Singaporeans had better start to give some thought to our lax immigration policy and not be afraid to question PAP’s failure.
If the immigration policy is not a failure, PAP would have been able to disclose statistics such as new citizens’ contribution to increasing the TFR or list the types and number of good jobs created. I’ve queried the NPTD and it appears there are no supporting statistics to confirm policy objectives have been met and Singaporeans should be worried because we have been taken for another ride.
1 The number of PRs tells us that something is seriously amiss – after taking in an average of about 29800 PRs annually since 2012, their numbers fell by 5000.from 533100 to 527700. link
Since about 90% of the 20000 new citizens come from the stock of PRs, 18000 PRs must have converted to new citizens. This would mean 11800 PRs (29800 – 18000) gave up their PR status every year since 2012. PR status is coveted in every country but third world foreigners seem too happy to give up their first world PR status. It appears we hold the world record for the highest number of PRs who balik kampung every year. Uniquely Singapore.
If a similar ratio of citizens were to migrate, 75000 Singaporeans would have settled overseas every year. Unlike citizens, PRs have no loyalty to Singapore. PAP somehow liken PRs to Singaporeans and we are classified as ‘residents’. This prevents public scrutiny of its flawed immigration policy.
2 Countries with real long-term planning do not suka suka increase the population as if playing SIM City. The largest population increase:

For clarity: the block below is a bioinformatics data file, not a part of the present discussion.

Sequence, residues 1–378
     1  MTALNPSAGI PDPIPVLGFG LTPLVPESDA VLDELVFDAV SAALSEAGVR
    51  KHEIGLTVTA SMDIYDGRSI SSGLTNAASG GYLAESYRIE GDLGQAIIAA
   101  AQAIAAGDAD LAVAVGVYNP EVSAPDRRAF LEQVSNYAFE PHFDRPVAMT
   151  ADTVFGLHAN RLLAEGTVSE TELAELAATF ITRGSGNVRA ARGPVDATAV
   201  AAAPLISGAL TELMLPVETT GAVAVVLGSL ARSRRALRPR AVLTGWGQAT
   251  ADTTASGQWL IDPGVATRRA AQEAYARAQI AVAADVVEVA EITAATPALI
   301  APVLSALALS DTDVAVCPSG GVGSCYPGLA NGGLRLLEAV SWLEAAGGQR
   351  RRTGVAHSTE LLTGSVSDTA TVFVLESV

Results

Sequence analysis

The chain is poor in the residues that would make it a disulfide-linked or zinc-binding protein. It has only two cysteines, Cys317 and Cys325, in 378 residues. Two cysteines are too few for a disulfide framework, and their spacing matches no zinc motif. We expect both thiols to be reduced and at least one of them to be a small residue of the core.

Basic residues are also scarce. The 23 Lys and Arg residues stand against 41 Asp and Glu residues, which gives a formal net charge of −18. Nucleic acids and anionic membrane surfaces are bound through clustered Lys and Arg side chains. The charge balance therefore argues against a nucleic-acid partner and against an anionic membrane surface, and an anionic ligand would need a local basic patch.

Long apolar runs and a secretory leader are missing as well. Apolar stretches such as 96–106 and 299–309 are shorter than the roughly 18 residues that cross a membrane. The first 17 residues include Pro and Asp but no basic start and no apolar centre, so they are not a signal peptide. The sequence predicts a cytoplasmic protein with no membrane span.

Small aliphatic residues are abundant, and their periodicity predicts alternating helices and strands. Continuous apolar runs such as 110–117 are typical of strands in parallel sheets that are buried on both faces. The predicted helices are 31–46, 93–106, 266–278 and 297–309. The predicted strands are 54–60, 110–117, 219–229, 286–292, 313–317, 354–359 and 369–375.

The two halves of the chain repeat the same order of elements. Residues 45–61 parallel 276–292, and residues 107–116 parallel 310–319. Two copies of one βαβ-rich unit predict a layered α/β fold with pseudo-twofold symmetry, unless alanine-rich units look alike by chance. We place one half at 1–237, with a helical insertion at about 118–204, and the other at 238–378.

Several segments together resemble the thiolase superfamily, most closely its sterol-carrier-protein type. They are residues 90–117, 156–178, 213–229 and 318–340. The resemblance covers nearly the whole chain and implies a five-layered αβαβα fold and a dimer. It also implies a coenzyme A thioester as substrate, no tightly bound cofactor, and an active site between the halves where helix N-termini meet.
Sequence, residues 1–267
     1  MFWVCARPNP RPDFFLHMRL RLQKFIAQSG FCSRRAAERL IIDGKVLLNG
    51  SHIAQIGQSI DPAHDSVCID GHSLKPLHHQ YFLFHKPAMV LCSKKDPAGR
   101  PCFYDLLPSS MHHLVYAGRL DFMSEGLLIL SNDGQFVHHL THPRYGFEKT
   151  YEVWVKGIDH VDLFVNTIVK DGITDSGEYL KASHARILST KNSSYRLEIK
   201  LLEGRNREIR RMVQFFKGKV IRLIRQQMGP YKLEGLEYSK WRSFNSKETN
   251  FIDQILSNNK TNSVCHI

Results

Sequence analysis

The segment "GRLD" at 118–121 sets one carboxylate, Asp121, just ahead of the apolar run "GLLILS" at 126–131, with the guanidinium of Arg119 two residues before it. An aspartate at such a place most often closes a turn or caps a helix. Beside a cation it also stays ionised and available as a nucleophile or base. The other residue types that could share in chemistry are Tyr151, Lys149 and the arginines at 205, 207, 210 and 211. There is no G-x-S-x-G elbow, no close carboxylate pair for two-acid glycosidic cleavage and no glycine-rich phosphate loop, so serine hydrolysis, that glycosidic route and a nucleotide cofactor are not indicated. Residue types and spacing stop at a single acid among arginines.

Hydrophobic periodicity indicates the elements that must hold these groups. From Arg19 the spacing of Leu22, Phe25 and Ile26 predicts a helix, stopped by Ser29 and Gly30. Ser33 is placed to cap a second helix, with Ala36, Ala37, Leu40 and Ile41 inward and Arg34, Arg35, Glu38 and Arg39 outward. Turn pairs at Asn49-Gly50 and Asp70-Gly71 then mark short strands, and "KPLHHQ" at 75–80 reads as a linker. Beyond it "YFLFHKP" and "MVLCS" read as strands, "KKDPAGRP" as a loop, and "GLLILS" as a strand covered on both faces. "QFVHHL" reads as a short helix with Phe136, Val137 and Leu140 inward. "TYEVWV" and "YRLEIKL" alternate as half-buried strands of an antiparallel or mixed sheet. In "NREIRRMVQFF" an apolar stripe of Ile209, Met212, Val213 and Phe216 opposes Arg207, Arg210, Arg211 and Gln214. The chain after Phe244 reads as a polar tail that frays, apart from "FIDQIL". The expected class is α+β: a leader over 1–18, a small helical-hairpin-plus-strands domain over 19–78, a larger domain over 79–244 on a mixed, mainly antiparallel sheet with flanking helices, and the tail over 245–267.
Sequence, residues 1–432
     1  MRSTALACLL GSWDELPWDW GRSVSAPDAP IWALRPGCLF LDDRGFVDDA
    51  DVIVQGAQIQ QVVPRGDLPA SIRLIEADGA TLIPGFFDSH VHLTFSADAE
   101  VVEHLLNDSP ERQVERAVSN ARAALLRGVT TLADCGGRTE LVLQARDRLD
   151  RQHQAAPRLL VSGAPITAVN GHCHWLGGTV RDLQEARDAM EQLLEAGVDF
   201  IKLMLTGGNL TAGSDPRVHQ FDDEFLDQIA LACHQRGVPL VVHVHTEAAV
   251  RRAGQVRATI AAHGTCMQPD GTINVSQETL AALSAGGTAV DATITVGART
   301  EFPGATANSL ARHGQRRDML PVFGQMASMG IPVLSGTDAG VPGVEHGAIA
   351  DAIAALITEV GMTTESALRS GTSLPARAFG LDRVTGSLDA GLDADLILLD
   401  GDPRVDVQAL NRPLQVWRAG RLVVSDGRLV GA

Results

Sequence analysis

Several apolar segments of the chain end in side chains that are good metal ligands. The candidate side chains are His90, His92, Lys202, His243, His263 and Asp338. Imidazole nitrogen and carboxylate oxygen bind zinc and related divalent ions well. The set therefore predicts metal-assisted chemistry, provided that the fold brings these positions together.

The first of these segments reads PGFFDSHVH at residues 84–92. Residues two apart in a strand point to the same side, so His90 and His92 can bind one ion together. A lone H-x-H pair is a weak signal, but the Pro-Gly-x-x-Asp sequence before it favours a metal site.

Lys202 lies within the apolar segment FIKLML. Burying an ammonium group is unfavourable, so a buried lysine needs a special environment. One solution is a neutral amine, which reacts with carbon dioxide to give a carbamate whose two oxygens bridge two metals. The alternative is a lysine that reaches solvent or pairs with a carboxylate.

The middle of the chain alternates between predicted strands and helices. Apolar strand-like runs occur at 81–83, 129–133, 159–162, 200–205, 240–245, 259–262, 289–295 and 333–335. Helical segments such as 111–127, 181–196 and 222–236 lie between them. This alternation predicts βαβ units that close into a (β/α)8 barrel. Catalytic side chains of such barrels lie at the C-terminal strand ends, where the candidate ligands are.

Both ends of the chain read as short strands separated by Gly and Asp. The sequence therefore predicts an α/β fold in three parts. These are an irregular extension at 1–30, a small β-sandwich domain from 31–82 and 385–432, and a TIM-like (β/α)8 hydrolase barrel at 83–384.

– 148 000 from 2008 to 2009
– 187,000 from 2006 to 2007
– 251,000 from 2007 to 2008
Did Singaporeans pay top dollar to politicians for an increase-population-to-increase-GDP model? Is this even remotely related to resolving our ageing population issue?
3 It appears PAP has already reached the point of no return because there will no GDP growth without an artificial population increase.
From 1987 to 2006, PAP granted an average of 8200 citizenships to foreigners every year. Since 2007, PAP increased the average annual intake of new citizens by 11040 to 19240 and the number of new PRs increased by 348000.
When PAP patted itself on the back for doubling our GDP from 2007 to 2014, it really had nothing to do with creating good jobs for Singaporeans. It was about increasing the foreigner population to create fake economic growth and reduce wage cost for businesses, especially government-linked companies.
To sum up, Singaporeans should be aware that the real objective of our immigration policy is unrelated to PAP’s stated objectives of tackling an ageing population issue or increasing our TFR.
Before 2007, new citizens averaged 8200 annually. But from 2007 to 2014, PAP increased the yearly average intake to 19240. Since new citizens will exacerbate our ageing population issue years down the road, isn’t PAP creating a problem to resolve another problem? Is this long-term planning?
PAP’s self-praise statements about its ‘successful’ growth model have always been unsupported by statistics. Singaporeans must learn to discern facts from propaganda.
PAP’s immigration policy has already created many issues and will continue to do so because its real objective is to increase headcount and GDP.